Price paid: $ 500
Sound — 9
Despite the minor damages this guitar suffered, it produces the warmest tone I have ever heard. It could make my cat purr. Despite my preference for other pickups, these Evos are hot sounding. Some may say they are too thin and whiny but like always, how this guitar sounds is all down to preference. This guitar makes leads and solos a work of ART, but when you get down and dirty with heavy metal and more distortion, this guitar can get a bit rough around the edges. This guitar definitely isn't for the metal head audience but when Steve Vai helped create this, he probably didn't have Children Of Bodom or Meshuggah in mind. I am playing this through a Peavy ValveKing and after meddling with the settings, this guitar can sound great. I noticed however that when I turn up the distortion along with the volume, the guitar can get a bit whiny and it loses it's warmth. But as I mentioned before, this probably isn't suited for my musical orientation. In the end though, this guitar is absolutely breathtaking when you pull away from your usual shredtallica routine and just play by heart. If that last sentence didn't make sense, you just have to go and try out the guitar yourself or at least try out any JEM.
Overall Impression — 9
The guitar is Steve Vai's signature model, not mine. I play heavy metal and he plays instrumental rock. A pretty big difference. Now to those saying I am an idiot for wasting my money, I tell you, this guitar was definitely NOT a waste of my money. Despite it's poor condition, it is a great guitar as all JEMs are in my opinion. It looks unique and it sounds great for when you want to experiment with your tone which I find myself doing a lot nowadays with this by my side. Compared to some of my other guitars I own or used to own such as Schecter, ESP, Jackson, and others, this guitar is probably my second best, only coming second to my primary axe. I have to say, that is pretty good for a veteran like this with all stock gear from 20 years ago. Now, I would normally change out the pickups in the guitar but I think this guitar is just fine the way it is. The Evos fit it well and active pickups would just ruin it. You can't put a saddle on a wild horse, and this thing is beyond wild. It is absolutely amazing. The thin neck which is a change to me allows me to quickly change positions on the fretboard and the tone the guitar provides is so unique. Just watch out for what you are looking for in a guitar though when you are buying this, as you might find yourself in a regretful position if the guitar doesn't suit you.
Reliability & Durability — 10
I wasn't sure if I should have played the guitar or sent it straight to the hospital when I received it. It was beaten and battered. The guitar however is quite resilient. Despite all the damages it took, the guitar is built like a tank and bred for war. The pickups are fine, the neck and frets so far seem fine, the head has been repaired and refitted by professionals, and the strap buttons are still there. I have to say, the only thing going against it for playing without a backup guitar is the fact that it uses a floating tremolo, and we all know strings and floating tremolos hold a natural grudge. The finish is overall durable and I could see myself using this as a Live guitar. It definitely has the experience.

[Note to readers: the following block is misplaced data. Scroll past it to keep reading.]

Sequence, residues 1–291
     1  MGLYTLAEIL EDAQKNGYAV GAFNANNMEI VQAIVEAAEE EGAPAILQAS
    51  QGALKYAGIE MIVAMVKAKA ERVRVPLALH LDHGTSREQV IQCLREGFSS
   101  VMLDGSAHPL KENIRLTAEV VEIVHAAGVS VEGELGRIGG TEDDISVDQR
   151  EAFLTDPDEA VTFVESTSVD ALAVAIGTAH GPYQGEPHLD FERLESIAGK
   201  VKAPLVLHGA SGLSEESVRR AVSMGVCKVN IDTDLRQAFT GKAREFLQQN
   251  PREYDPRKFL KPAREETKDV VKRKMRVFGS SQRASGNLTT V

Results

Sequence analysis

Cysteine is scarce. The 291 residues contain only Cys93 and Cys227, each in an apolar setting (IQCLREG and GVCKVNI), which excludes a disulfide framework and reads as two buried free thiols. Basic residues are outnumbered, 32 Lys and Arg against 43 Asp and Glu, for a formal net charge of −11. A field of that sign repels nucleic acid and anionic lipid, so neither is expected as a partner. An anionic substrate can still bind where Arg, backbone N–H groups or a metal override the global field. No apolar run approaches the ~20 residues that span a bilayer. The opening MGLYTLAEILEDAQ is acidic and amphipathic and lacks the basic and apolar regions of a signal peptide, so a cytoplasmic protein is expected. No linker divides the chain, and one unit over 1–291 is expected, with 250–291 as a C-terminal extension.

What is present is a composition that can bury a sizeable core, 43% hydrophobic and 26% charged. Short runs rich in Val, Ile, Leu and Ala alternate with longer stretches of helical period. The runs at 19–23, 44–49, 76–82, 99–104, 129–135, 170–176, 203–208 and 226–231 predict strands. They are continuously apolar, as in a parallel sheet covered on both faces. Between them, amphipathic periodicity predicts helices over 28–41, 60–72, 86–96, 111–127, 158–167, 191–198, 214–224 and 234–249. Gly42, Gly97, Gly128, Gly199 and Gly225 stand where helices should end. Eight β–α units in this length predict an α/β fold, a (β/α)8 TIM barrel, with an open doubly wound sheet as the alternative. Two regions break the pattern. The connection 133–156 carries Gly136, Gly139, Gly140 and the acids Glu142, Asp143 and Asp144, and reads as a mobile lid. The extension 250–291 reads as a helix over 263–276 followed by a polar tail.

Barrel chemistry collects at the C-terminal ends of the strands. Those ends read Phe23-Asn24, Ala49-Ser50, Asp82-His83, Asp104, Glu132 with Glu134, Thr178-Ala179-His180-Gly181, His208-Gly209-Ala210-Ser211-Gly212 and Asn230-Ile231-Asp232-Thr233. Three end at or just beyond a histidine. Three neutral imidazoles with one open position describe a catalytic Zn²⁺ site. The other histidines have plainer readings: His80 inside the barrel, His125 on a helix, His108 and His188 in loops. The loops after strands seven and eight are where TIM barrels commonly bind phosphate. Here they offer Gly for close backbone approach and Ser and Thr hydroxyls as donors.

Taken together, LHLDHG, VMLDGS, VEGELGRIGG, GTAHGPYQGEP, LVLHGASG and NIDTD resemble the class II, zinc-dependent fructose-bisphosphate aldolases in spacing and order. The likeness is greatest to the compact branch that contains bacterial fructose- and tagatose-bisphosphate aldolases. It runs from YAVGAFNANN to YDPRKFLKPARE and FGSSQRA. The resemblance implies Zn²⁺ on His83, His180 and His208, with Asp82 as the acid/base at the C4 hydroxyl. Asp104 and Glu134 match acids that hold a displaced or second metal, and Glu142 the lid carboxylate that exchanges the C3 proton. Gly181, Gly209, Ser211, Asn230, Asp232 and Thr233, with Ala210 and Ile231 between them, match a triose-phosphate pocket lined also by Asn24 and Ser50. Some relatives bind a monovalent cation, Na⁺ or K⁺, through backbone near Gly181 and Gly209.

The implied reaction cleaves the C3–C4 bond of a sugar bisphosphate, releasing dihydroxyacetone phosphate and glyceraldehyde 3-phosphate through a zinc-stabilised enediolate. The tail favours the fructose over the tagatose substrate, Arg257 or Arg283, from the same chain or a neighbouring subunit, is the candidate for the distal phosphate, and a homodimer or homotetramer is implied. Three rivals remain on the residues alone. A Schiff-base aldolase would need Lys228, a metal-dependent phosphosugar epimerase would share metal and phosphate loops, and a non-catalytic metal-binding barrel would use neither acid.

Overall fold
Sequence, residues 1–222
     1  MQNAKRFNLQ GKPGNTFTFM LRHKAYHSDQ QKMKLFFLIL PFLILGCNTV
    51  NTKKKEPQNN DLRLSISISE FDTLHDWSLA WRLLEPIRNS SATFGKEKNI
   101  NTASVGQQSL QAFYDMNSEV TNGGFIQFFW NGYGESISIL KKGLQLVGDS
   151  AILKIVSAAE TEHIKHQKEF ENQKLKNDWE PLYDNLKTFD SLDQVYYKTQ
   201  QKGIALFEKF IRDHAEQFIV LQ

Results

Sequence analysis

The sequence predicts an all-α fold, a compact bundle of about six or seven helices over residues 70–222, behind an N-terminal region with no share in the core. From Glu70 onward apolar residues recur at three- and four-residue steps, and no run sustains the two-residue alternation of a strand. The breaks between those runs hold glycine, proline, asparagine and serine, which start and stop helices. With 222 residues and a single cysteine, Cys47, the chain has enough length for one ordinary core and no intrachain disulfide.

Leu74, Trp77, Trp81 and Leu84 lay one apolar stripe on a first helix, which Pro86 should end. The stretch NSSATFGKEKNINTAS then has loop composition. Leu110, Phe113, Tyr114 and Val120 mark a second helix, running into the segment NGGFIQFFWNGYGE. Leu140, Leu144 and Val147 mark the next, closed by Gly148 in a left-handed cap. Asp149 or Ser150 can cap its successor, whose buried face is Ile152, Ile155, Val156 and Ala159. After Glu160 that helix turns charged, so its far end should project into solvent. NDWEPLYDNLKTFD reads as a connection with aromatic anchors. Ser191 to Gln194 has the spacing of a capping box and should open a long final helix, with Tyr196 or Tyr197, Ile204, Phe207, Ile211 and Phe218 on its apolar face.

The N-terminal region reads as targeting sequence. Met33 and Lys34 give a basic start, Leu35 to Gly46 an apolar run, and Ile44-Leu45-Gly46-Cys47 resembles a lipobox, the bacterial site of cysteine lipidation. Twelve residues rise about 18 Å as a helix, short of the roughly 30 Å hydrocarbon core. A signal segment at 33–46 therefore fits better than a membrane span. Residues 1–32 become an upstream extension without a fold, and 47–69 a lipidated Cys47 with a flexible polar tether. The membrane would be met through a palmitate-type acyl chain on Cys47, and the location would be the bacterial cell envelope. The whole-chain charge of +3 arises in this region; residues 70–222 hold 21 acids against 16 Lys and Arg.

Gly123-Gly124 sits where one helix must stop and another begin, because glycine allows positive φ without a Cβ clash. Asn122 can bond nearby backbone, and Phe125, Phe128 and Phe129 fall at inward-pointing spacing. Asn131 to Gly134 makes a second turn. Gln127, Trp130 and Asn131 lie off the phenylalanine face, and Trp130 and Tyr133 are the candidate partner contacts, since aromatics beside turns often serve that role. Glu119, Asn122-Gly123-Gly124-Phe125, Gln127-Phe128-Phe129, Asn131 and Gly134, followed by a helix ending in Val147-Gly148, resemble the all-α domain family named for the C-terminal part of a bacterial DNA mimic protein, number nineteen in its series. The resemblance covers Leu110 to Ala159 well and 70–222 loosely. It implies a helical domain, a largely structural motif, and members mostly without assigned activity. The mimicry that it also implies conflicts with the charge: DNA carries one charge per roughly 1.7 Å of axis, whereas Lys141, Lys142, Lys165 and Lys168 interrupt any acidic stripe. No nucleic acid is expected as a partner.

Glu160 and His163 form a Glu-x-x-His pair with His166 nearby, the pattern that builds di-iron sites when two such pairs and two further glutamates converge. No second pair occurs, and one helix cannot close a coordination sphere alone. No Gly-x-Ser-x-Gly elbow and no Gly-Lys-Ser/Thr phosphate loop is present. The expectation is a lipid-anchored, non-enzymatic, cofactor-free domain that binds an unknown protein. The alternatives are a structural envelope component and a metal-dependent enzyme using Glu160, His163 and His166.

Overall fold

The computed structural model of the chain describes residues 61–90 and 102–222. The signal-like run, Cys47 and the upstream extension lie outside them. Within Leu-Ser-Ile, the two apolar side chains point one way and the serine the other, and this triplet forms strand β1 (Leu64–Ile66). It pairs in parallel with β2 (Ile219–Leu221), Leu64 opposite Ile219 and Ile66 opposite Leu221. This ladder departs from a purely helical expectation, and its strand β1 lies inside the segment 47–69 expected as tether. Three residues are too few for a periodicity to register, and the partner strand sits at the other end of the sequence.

Action, Fit & Finish — 7
Well, what can I say. I bought this, -you guessed it-, used. I tell you, this thing went through hell and back. The bridge has a bit of rust on it, the headstock was snapped off and was repaired back together, there are scratches on the pickguard, there is a massive dent on the edge of the guitar near the button strap, and the strings were rusted (That can be easily fixed though so I won't take it against the guitar). How someone could let this guitar into that condition beats me. However, because I bought this used, I cannot comment on it's factory condition as I have never seen it new. I presume it would have been a beauty though as this is a JEM after all. The bright side of this is that the bridge was perfectly setup with surprisingly intact knife edges and it sounded and played great. Go figure. The pickups were adjusted nicely and the frets were still fine. The bolt-on neck wasn't really warped, but I could see a slight bend as this thing has been around for a while and boy was it abused. And I have to say, the green and black color configuration, while being a mind boggler, is a little on the ugly side. The vine leaf inlays are nice but the green on everything else is just out of place. Then again, it was the 80's when this thing was made.
Features — 10
Just recently buying this guitar used from a friend, I had to do some research to find out what this was. Baffled by it's unorthodox appearance, I later found out that it was basically a black JEM777 with a green vine inlay, green hardware, green knobs, and a green selector Switch (An awkward picture isn't it). Boy was I surprised at how low of a price I snagged this (List price was apparently upwards of $1600-$2000). Doing some more research, this guitar was made somewhere between 1988-1992 in Japan in limited quantities. The superstrat-shaped body is basswood while the 24-fret bolt-on neck is maple. It has an all black finish as mentioned before with a black pick guard. I am not exactly sure what specific model the bridge is but it is an Ibanez Edge for sure, and probably one of the higher end variants as this is a JEM after all. The locking nuts at the head are also probably made by Ibanez, naturally. The pickups are in a passive H-S-H configuration and If I recall correctly, are DiMarzio Evolutions. A 5-way selector Switch controls the pickups along with a volume and tone knob.